The AC switch 104 includes one or more mechanism's, for example, a solid state relay, triac or microswitch which will control one or more devices requiring line power. The control line 142 coupled to control switch 104, enables or disables the connection of the AC IN line to the AC OUT line, thereby energizing or de-energizing the connected devices 102. One switch would be used for each of the devices 102 with control line 142 being used, in parallel, to control each such switch. However, it should be understood that only one such switch need be used independent of the number of devices 102 connected for control so long as such switch can handle the power requirements of the devices.
The display unit 106 has two primary functions, both of which have to do with communicating information from the MPU 100 to the operator. The display 106 may include several display devices (DD) 160. Devices 160 may, by way of example, be light emitting diodes (LEDs), several for each position of display, which positions are organized in a multiplexed display configuration. This means that each display position of which there are, for example and as has been seen, twelve, requires two pieces of information in order for the LEDs at each position to be illuminated. The MPU 100 provides these two pieces of information in a rotating manner so that first one position is activated, then the next, and so forth until all have been activated. The rotation then commences anew with the first position. The first piece of information identifies the position to be activated (when one position is activated, all others are dormant and will not be energized; however, the display appears continuous to the human eye due to the integration properties of the eye which allows a person to view, for example, television images as continuous images while in reality there are discrete frames being displayed). The second identifies which of eight possible LED's in a given position are to be illuminated.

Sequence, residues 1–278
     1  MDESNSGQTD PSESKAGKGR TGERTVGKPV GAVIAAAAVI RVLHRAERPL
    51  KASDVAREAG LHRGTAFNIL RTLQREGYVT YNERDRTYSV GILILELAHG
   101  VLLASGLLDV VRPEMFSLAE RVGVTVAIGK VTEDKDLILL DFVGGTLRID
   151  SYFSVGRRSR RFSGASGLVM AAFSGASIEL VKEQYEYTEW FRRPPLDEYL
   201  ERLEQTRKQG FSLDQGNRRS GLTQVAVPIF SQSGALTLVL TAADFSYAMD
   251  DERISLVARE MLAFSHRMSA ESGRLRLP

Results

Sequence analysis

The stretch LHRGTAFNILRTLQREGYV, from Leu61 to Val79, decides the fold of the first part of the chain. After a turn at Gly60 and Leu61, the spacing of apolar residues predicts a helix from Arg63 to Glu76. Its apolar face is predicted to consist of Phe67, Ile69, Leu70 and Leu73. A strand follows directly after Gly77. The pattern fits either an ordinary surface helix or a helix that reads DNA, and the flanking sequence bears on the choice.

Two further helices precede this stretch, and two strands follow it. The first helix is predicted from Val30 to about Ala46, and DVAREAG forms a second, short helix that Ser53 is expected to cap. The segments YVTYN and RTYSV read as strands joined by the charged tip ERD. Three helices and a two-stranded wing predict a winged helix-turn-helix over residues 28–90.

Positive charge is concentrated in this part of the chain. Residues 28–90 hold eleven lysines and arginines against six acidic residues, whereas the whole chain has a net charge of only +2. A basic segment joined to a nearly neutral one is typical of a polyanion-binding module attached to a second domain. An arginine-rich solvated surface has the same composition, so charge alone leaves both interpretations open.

The eight possible LEDs are set in a physical orientation such that three horizontal bars and four vertical bars can be used to display alphanumeric information with the eighth position being the decimal point which is not needed for the display of the controller of the present invention. Actually, and with brief reference to FIG. 6, only the hour and minute positions (a total of 8) use up to eight possible LEDs. The other positions, for example AM/PM are LEDs which have either AM or PM lit. The same is true for the day field, i.e., either MON or TUE or WED, etc. is lit. The status field may include 6 LEDs or simply six light bulbs, one for each position.
The MPU applies the position identifier on line 142. Ths is processed by converter 162 and buffer 164 and then sent to the display device 160. Buffer 64 provides electrical buffering to insure that the display has the proper current and voltage to illuminate the specified LEDs.
Converter 162 converts the information from one encoding scheme to another. The first scheme, called binary-coded, is used by the MPU so as to minimize the interconnections between units 100 and 106. In this encoding, any number between 0 and 15 can be represented using the four signal lines (P23-26) of line 142. Converter 162 converts this to a linear-coding scheme wherein only one of the 16 lines (CKE0-CKE15), (only 12 lines (CKE4-CKE15) are received by buffer 164 and keyboard 108) of lines 145, which wire corresponds to the number specified by the MPU is activated. For example, suppose that the MPU wants to illuminate LED position 7. The binary-coded version of this, 0111, is presented on line 142. Converter 162 converts this so that the appropriate line of lines 145 is activated. When buffered by buffer 164, this will permit LED's at position 7 to be activated. The second piece of information, which of the eight available LED's at a given display position are to be illuminated, is provided by the MPU on line 140. This is buffered by buffer 166 and sent to the display device 160. The MPU holds the information on lines 140 for a period of time. This time is sufficient to insure that the individual LED's will be illuminated and seen by the operator. The buffers 164 and 166 may be those manufacture by Texas Instruments, Inc. having part numbers 7407 and 75491 respectively, whereas converter 162 may include that device having part number 74154.